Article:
Aging Clinical and Experimental Research

, Volume 21, Issue 4–5, pp 329–337 | Cite as

Sooner or later? A study of institutionalization in late life

  • Marie Ernsth Bravell
  • Stig Berg
  • Bo Malmberg
  • Gerdt Sundström
Original Article


Background and aims: Existing information about institutionalization of elderly individuals is mainly based on cross-sectional data and does not address the cumulative risk of institutionalization. The purpose of the present study was to analyze longitudinal data prospectively and estimate the risk of placement in an elder care institution for individuals aged 70 years or older. Methods: The study was based on a longitudinal investigation (the H70 study) of a random sample of 70-year-olds living in Gothenburg, Sweden, in 1971. Individuals were followed from age 70–100 years. Three different analyses were performed: a descriptive prospective analysis, cross-sectional analyses at ages 70, 79 and 85 years, and a longitudinal analysis of predictors for institutionalization. Results: The prospective analysis indicated that 50% of the individuals eventually moved to an elder care institution. Significantly more women than men were institutionalized, although for women the move occurred later in life. Cross-sectional analyses demonstrated that various factors were important to institutionalization at different ages. The Cox regression model with time-varying covariates indicated that gender, socio-economic situation, marital status, number of symptoms, having children living nearby, and activities in daily life were related to institutionalization. Conclusions: The proportion of elderly persons relocating to institutions was significantly higher than that generally found in cross-sectional studies. It was possible to identify variables that predict institutionalization during a subsequent 30-year period, but different analyses revealed different effects from the factors evaluated.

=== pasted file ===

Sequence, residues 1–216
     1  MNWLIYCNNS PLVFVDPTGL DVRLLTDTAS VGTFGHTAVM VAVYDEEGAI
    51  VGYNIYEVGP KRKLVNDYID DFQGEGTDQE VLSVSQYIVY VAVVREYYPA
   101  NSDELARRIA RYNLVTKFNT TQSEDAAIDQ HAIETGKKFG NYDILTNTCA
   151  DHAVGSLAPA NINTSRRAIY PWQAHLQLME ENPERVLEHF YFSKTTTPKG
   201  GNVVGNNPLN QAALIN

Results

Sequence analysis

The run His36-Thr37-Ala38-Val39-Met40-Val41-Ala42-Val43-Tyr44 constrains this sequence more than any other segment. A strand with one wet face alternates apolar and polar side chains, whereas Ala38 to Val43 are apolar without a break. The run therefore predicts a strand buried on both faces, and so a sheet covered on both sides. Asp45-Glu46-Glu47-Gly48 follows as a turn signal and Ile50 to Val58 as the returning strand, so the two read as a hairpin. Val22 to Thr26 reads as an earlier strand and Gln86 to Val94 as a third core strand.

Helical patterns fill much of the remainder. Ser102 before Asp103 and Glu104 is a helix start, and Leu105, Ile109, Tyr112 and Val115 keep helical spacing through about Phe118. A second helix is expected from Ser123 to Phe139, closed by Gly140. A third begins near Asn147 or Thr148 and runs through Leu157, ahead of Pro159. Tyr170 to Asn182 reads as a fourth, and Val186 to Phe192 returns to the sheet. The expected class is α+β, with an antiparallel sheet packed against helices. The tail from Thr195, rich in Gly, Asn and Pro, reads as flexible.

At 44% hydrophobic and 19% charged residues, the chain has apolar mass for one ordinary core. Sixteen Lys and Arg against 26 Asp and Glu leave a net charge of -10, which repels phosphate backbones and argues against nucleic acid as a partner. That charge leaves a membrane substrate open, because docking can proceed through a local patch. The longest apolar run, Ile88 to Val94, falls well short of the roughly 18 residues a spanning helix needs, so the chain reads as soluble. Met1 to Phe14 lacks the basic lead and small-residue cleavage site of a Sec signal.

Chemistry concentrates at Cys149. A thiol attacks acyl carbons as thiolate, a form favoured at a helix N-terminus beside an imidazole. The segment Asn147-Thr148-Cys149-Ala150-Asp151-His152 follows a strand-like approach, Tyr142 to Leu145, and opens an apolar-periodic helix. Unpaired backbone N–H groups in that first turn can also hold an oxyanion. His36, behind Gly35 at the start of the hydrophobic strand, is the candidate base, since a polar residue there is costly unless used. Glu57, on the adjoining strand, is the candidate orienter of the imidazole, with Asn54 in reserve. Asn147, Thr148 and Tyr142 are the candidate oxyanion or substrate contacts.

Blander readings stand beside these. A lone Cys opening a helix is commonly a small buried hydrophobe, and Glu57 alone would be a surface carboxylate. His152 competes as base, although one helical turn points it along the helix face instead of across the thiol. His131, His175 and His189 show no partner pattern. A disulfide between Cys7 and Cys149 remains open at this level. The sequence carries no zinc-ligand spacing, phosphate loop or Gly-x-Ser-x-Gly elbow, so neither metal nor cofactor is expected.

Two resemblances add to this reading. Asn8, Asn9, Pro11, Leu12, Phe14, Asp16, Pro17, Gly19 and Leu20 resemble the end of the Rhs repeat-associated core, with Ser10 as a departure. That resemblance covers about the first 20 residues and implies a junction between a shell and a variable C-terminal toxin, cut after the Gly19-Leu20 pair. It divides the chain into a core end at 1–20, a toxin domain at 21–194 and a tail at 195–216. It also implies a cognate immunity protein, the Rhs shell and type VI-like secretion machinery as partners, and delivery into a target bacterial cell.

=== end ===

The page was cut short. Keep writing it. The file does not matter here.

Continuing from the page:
ADL health institutionalization social network 


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Copyright information

© Springer Internal Publishing Switzerland 2009

Authors and Affiliations

  • Marie Ernsth Bravell
    • 1
  • Stig Berg
    • 1
  • Bo Malmberg
    • 1
  • Gerdt Sundström
    • 1
  1. 1.Institute of Gerontology, School of Health SciencesJönköping UniversityJönköpingSweden

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